(and Arabic and Persian and any other right-to-left language)
Have been doing this in my current job and also when I was at the UK branch of NICE Systems, an Israel based VOIP telecoms recording software company, mainly as one of the proprietary web based databases had to have the Hebrew support to operate.
These tips will come in handy if you want to set up a computer to Hebrew speaking staff or for someone learning languages at home.
To start with you will need your XP CD handy as Windows will need to fetch some files off it, if you have a computer like a Sony Viao/E machines/Packard Bell etc PC which don’t provide you with CDs to restore your operating system you will need to check your C: drive for a folder called i386.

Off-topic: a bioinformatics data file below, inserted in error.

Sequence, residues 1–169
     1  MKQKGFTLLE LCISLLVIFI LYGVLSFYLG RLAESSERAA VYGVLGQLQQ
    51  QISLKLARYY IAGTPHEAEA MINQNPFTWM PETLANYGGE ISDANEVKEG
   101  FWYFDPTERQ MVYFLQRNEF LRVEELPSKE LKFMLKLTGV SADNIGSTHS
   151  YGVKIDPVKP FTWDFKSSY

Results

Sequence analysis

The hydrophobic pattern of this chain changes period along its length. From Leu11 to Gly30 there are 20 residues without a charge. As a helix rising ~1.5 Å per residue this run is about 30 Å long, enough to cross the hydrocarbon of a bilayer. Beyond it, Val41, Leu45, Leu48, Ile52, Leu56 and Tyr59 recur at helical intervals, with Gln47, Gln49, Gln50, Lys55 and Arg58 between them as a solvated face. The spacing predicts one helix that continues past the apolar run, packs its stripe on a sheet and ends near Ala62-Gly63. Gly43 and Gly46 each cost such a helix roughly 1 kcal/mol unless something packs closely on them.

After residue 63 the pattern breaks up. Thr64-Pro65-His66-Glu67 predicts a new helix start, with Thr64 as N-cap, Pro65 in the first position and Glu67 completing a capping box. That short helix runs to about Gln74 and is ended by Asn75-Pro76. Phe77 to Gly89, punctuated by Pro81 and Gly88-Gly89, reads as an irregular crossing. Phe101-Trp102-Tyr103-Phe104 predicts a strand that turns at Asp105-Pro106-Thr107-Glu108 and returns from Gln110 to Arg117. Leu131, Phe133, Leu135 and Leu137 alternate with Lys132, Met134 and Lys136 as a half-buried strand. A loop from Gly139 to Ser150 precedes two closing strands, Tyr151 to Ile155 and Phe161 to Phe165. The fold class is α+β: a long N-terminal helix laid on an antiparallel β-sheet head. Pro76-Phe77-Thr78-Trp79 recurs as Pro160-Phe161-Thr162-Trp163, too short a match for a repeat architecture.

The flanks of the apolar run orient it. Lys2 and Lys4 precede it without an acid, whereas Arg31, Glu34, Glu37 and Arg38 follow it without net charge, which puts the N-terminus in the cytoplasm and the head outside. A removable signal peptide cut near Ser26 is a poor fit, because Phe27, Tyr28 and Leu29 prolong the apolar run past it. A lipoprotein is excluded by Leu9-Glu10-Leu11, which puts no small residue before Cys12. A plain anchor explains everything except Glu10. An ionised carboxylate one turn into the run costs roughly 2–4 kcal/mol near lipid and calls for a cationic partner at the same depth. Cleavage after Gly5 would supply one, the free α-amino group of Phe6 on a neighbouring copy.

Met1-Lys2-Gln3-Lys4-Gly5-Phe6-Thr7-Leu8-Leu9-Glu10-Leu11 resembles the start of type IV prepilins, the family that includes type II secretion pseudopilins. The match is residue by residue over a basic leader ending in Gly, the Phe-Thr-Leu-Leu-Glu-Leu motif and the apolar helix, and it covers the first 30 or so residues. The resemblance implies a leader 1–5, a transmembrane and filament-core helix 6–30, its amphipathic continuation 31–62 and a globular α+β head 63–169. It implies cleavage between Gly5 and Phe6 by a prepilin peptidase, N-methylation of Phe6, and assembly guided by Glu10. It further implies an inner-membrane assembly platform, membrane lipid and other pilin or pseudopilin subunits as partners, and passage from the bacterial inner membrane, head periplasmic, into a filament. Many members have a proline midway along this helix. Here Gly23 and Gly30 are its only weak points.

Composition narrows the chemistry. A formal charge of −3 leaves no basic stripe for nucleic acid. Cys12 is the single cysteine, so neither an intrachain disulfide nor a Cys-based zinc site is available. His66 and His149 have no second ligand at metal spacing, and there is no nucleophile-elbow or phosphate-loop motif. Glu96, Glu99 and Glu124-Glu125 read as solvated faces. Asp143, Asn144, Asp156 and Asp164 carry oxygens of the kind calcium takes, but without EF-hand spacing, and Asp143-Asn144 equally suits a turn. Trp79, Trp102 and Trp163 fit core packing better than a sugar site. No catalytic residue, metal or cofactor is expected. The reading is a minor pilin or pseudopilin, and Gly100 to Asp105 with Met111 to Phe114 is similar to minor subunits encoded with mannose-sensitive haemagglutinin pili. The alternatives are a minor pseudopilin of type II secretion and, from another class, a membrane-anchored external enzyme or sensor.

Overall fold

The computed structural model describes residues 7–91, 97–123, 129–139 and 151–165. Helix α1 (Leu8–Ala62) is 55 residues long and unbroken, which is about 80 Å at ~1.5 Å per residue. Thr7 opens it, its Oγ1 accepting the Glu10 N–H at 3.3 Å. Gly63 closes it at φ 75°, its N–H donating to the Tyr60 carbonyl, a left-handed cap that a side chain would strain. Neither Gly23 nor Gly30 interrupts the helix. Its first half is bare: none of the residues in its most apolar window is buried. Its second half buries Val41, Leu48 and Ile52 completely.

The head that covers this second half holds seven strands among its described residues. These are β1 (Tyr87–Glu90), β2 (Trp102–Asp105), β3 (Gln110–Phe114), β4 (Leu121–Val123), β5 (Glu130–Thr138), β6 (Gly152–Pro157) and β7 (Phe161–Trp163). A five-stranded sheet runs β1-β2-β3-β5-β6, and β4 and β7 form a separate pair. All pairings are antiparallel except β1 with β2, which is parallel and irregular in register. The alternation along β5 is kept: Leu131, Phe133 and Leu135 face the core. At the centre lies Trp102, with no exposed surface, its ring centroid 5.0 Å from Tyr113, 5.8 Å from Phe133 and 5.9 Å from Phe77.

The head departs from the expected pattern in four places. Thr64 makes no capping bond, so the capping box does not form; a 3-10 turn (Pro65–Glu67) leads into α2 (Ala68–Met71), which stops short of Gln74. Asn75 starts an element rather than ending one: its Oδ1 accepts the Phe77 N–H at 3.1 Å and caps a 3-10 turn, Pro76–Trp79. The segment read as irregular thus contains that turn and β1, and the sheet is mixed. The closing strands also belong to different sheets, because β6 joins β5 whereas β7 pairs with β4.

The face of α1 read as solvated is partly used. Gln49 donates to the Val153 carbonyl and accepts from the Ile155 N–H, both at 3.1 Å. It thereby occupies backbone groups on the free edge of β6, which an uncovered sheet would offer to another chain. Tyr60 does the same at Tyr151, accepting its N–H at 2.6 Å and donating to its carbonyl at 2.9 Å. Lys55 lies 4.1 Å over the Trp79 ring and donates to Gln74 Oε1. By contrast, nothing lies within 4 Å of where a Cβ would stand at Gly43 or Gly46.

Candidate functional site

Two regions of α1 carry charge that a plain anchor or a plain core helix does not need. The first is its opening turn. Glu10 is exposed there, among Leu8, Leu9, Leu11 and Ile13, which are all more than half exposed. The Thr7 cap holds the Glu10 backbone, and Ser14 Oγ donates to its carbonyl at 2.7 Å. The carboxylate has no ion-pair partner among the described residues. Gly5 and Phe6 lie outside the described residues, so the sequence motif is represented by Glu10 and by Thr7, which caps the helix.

Go to Control panel and Region and Language Options. Tick the box that says “install files for complex script and right-to-left languages (including Thai)”
Click Apply and ok. Windows will now ask you for your Windows CD, if you don’t have it, choose a path where your i386 folder is, ie: C:\i386. Once done, you can go back to the “languages” tab and click Details and then choose Hebrew.
You can test now this by going to www.google.co.il
If you live in Israel don’t forget to set your time zone to Jerusalem GMT+2 hours. To do this double click the clock in the bottom right hand corner and then click on time zones.
Don’t forget if you are or your users have two or more languages and you don’t want to use the little blue square language control icon on the taskbar, you can use Alt + Caps lock to switch keyboard layouts. Some of my users need Russian as well as about 10-15% of Israelis originate from the ex-Soviet Union countries.
If you need a Hebrew keyboard, take a look on ebay, you can get sticker sets very cheap to give you the necessary symbols to type in Hebrew.